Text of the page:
The major slip near Kaikoura that has blocked State Highway 1 and the Christchurch to Picton railway line will not reopen until Thursday at the earliest.
The closure is delaying trucks trying to deliver supplies to Canterbury.
Up to 20,000 cubic metres of earth and rocks fell onto the road at Peketa, about 15km from the town, on Friday evening.
Canterbury regional civil defence controller Jon Mitchell says the landslide is affecting the supply of goods to Christchurch and is just one more thing for staff managing the aftermath of the earthquake to cope with.
Mr Mitchell says the slip effectively means there's now an emergency over three quarters of the Canterbury region.
Freight company TNL runs about 60 trucks between Cook Strait and Christchurch on a weekday, and says the number of trucks on the road have risen sharply since the earthquake.
Weekend supervisor Amad Prasad says drivers who've reached their legal limit of hours worked are having to be rescued from delayed trucks.
The TranzCoastal passenger train service has been suspended. KiwiRail says a bus replacement cannot be provided, as the alternative route for coaches would almost double the journey time and miss out most stops along the route.
A detour is available for cars on Route 70, the inland Kaikoura route, which the Transport Agency says will add about 90 minutes to driving times.
Heavy vehicles must use State Highway 63 (Wairau Valley) and State Highway 7 (Lewis Pass), which will add an extra two-and-a-half hours to the journey.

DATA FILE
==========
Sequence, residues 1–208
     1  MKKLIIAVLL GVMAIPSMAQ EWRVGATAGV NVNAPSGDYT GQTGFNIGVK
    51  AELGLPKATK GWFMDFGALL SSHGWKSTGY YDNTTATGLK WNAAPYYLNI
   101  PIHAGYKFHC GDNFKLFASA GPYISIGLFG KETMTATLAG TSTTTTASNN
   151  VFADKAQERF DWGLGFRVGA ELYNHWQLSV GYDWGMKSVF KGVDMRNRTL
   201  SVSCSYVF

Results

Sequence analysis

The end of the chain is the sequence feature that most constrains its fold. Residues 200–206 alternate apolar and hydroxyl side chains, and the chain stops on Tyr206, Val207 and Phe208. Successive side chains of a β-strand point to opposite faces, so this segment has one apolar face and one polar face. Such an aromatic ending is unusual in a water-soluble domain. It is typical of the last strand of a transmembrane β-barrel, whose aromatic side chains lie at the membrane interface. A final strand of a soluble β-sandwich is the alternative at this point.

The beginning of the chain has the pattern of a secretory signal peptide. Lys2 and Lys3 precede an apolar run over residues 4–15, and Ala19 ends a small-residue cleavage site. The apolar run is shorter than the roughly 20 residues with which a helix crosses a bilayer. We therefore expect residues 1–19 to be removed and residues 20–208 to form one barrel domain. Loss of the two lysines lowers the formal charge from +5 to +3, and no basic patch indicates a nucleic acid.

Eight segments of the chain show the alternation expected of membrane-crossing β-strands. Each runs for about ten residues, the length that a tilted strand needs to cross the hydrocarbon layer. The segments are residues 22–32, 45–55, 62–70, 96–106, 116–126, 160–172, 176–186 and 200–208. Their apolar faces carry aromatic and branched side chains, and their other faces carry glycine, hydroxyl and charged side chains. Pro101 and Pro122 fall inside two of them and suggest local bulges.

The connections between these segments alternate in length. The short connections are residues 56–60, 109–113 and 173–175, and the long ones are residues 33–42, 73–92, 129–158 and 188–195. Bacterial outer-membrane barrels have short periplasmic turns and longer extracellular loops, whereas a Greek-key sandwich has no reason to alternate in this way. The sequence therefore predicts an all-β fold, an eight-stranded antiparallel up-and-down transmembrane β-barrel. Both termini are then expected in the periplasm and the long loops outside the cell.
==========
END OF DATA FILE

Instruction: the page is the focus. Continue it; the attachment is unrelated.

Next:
Trucks are able to carry away only six-cubic-metres in each load and it will be Thursday at the earliest before the road is re-opened.
The Transport Agency's North Canterbury area manager, Barry Stratton, says the site will need continued monitoring and more work to make it stable.
He says he's anticipating the issue will last for some time.
Mr Stratton says the fallen material is very dry, and should be wet if rain caused the slip.
Supplies run short in Kaikoura
The Kaikoura Business Association says some supermarket supplies are dwindling and are in danger of running out as efforts continue to clear the landslip.
The business association's chair and local motelier, Stephan Rattray, says the town is at near capacity because of people seeking respite from Christchurch.
He says businesses need the road open.
Mr Rattray says even bottled water disappeared off the shelves in two days late last week and Kaikoura is unable to get supplies from the North Island, so the Christchurch link is vital.
A KiwiRail spokesperson, Ruth Larsen, says it doesn't send freight directly to Kaikoura by rail, normally using trucks from Blenheim.
She says because trucks are taking priority freight to Christchurch that's likely to be affecting supplying towns such as Kaikoura.